Bluegrass Pipeline updated handout

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The Bluegrass Pipeline and Beyond
Lunchtime discussion at KFTC Annual Meeting – August 23, 2014
The Bluegrass Hazardous Liquids Pipeline is on hold, not
cancelled
– companies already have $95 million invested in project
– easements signed are good for 3 years before they expire from
inactivity and could be sold to another company
– Texas Gas has withdrawn its request with FERC to abandon the
western Kentucky to Louisiana natural gas line
– however, the original Bluegrass Pipeline project did not involve
the Texas Gas line but rather new construction all the way
thru to Louisiana; this is still a possibility especially if another
company were to buy the easements
Landowners winning in eminent domain lawsuit
– Franklin Circuit Court decision barring the company from
using or threatening to use eminent domain powers to take
land from property owners who refuse to sell easements. The
appeal will be heard this fall.
– the companies behind the Bluegrass Pipeline are currently
appealing this ruling
– this ruling also takes away eminent domain power from oil and
gas companies for building their private pipelines and gathering
lines, so there is much more at stake than just Bluegrass pipeline
LLC’s authority to condemn land.
Eminent domain legislation
– The Kentucky legislature failed in 2014 to pass a bill barring
private companies that are not utilities from using eminent
domain to take land from property owners who refuse to sell
easements (the House passed the bill with a large majority; Senate
leaders killed the bill).
– the expectation is to try again in the 2015 General Assembly.
– the court ruling was actually stronger that the legislation,
so the bill will be stronger in 2015
– oil and gas interests are likely to introduce legislation to
undo the Franklin Circuit Court ruling
The Bluegrass Pipeline is only
one of several possible pipeline
projects to bring natural gas
liquids – the byproducts of
hydraulic fracking in
Pennsylvania and Ohio –
through Kentucky.
–
–
–
–
–
the Kinder Morgan / MarkWest proposed NGL line would
repurpose a natural gas pipeline to carry NGLs from Ohio to
Louisiana
the pipeline is 50-60 years old and was build with materials and
welding techniques now considered obsolete
capacity would eventually reach 400,000 barrels per day (a
barrel is 42 gallons)
Kinder Morgan has a poor safety record for pipeline accidents
and workplace safety violations cited by the U.S. Occupational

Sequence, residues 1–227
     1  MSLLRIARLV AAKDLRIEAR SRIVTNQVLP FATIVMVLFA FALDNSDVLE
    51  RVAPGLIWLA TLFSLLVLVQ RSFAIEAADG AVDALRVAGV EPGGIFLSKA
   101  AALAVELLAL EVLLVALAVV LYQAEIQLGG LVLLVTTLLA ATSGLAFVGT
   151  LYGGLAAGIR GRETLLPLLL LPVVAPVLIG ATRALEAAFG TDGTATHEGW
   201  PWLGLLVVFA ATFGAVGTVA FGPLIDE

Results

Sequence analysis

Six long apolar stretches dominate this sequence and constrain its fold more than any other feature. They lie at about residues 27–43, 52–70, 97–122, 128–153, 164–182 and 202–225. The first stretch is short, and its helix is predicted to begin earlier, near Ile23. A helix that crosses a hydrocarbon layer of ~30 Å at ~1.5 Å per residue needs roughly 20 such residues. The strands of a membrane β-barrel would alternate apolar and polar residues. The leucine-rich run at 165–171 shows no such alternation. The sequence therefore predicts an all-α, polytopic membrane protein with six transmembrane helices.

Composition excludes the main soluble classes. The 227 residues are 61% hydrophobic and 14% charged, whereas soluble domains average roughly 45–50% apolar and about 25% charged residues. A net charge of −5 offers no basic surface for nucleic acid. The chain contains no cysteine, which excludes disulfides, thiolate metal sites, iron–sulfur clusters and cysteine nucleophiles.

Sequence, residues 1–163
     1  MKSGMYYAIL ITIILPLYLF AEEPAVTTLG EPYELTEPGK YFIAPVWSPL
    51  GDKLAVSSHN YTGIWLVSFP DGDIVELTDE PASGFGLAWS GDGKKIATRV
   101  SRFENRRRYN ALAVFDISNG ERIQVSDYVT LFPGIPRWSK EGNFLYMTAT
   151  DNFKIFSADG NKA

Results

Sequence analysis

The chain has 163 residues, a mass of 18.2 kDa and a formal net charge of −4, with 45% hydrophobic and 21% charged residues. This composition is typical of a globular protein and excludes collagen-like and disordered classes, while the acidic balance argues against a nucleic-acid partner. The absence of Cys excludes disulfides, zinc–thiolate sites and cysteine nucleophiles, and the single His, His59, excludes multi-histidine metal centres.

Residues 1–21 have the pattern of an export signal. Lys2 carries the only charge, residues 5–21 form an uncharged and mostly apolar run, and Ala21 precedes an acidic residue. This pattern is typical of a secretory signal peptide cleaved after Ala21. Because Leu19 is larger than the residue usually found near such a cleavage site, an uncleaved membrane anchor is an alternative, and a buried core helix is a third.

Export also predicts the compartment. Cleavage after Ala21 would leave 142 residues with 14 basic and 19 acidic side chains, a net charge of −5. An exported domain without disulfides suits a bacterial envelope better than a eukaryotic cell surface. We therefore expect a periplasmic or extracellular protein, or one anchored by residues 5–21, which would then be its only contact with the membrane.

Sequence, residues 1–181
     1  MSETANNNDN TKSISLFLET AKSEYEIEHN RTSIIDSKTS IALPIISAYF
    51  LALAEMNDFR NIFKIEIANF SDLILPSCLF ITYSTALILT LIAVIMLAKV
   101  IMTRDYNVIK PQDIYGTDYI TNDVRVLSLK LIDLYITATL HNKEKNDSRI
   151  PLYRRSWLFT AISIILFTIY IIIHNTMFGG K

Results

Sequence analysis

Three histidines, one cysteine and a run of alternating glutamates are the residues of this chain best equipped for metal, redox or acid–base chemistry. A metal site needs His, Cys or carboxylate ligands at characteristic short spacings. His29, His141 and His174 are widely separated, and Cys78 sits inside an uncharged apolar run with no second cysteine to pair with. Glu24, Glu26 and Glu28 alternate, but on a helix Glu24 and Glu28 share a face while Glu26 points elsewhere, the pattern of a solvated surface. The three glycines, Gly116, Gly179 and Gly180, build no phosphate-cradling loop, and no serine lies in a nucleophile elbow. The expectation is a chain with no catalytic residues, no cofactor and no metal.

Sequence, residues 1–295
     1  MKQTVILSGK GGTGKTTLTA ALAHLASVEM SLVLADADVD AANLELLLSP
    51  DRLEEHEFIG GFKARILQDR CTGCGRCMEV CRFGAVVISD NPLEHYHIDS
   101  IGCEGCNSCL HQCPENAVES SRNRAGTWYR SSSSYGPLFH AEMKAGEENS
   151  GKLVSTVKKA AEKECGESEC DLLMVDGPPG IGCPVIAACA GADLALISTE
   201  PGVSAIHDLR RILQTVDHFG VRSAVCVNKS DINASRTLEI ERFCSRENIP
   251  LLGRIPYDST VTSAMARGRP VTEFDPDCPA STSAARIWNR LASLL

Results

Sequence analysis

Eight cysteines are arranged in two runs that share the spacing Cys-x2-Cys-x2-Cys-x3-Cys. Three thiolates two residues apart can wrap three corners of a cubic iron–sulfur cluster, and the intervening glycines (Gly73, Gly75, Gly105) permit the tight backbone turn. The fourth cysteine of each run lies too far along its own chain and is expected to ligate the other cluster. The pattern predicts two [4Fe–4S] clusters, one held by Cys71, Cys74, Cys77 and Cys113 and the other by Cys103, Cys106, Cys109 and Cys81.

Safety & Health Administration
In 2004, a 4-inch NGL pipeline operated by Mark West Energy in
Floyd County, Kentucky exploded, incinerating five homes and
sending nine people to the hospital.
NGL pipelines are just the leading
edge of the danger hydraulic
fracking poses to Kentucky.
There are thousands of small mostly
nitrogen fracking operations in
Kentucky that have been disrupting
or poisoning groundwater
resources for decades, though not
NGL production in Kentucky is on the
to the scale seen in recent years in
rise with the introduction of horizontal
Pennsylvania, Ohio, North Dakota
drilling and deeper wells. The Ranger
and Colorado. The potential for
NGL line, completed in 2012 and owned
this to change for the worse is
by MarkWest, runs through eastern
growing with the drilling of deeper
Kentucky to a “fracination” plant in
wells in northeastern Kentucky
South Shore.
using hydraulic fracking, and the
potential for increased drilling in
the New Albany Shale in western Kentucky.
Kentucky laws and regulations are insufficient to prevent
the kind of damage to land and water suffered by residents
in hydraulic fracking states.
Kentucky has a choice whether to embrace or tolerate the
destructive operations of increased oil and gas fracking and
burning, or choose of different path forward for meeting our
energy needs.
– much of the oil, gas and related products produced in
Kentucky will go out of state, and (based on experiences in PA,
OH and ND) many of the related jobs will not go to local
residents
– the Clean Energy Opportunity Act support by KFTC and the
Kentucky Sustainable Energy Alliance could create 28,000 new
jobs over the next 10 years (independent estimate) while
–
–
providing more stability to energy costs and lowering
dependence on fossil fuels
the Clean Energy Opportunity Act and related legislation needs
to approved by the Kentucky General Assembly, and they will
have the opportunity to do so in the 2015 legislative session.
more information at www.kysea.org
More information
Bluegrass Pipeline
– For background on the Bluegrass Pipeline, go to
http://stopbluegrasspipeline.us or http://nobluegrasspipeline.com/
– http://bluegrasspipeline.com/qa-bluegrass-pipeline/ This Q & A from
the Williams Co. website provides the unvarnished truth about
the status of the BG Pipeline.
About fracking
– Kentucky Waterways Alliance: http://kwalliance.org/what-wedo/clean-water-policy/pollution-prevention/fracking-ky/
– National Geographic:
http://news.nationalgeographic.com/news/2010/10/101022-breakingfuel-from-the-rock/
– Food and Water Watch:
http://www.foodandwaterwatch.org/water/fracking/
The grassroots group opposing the Bluegrass Pipeline, other
pipelines and hydraulic fracking in Kentucky is planning a summit
this fall, probably Saturday, November 8 in Lexington, to discuss
all these issues and how to deal with them. Keep checking the KFTC
website, KFTC.org, for more information.
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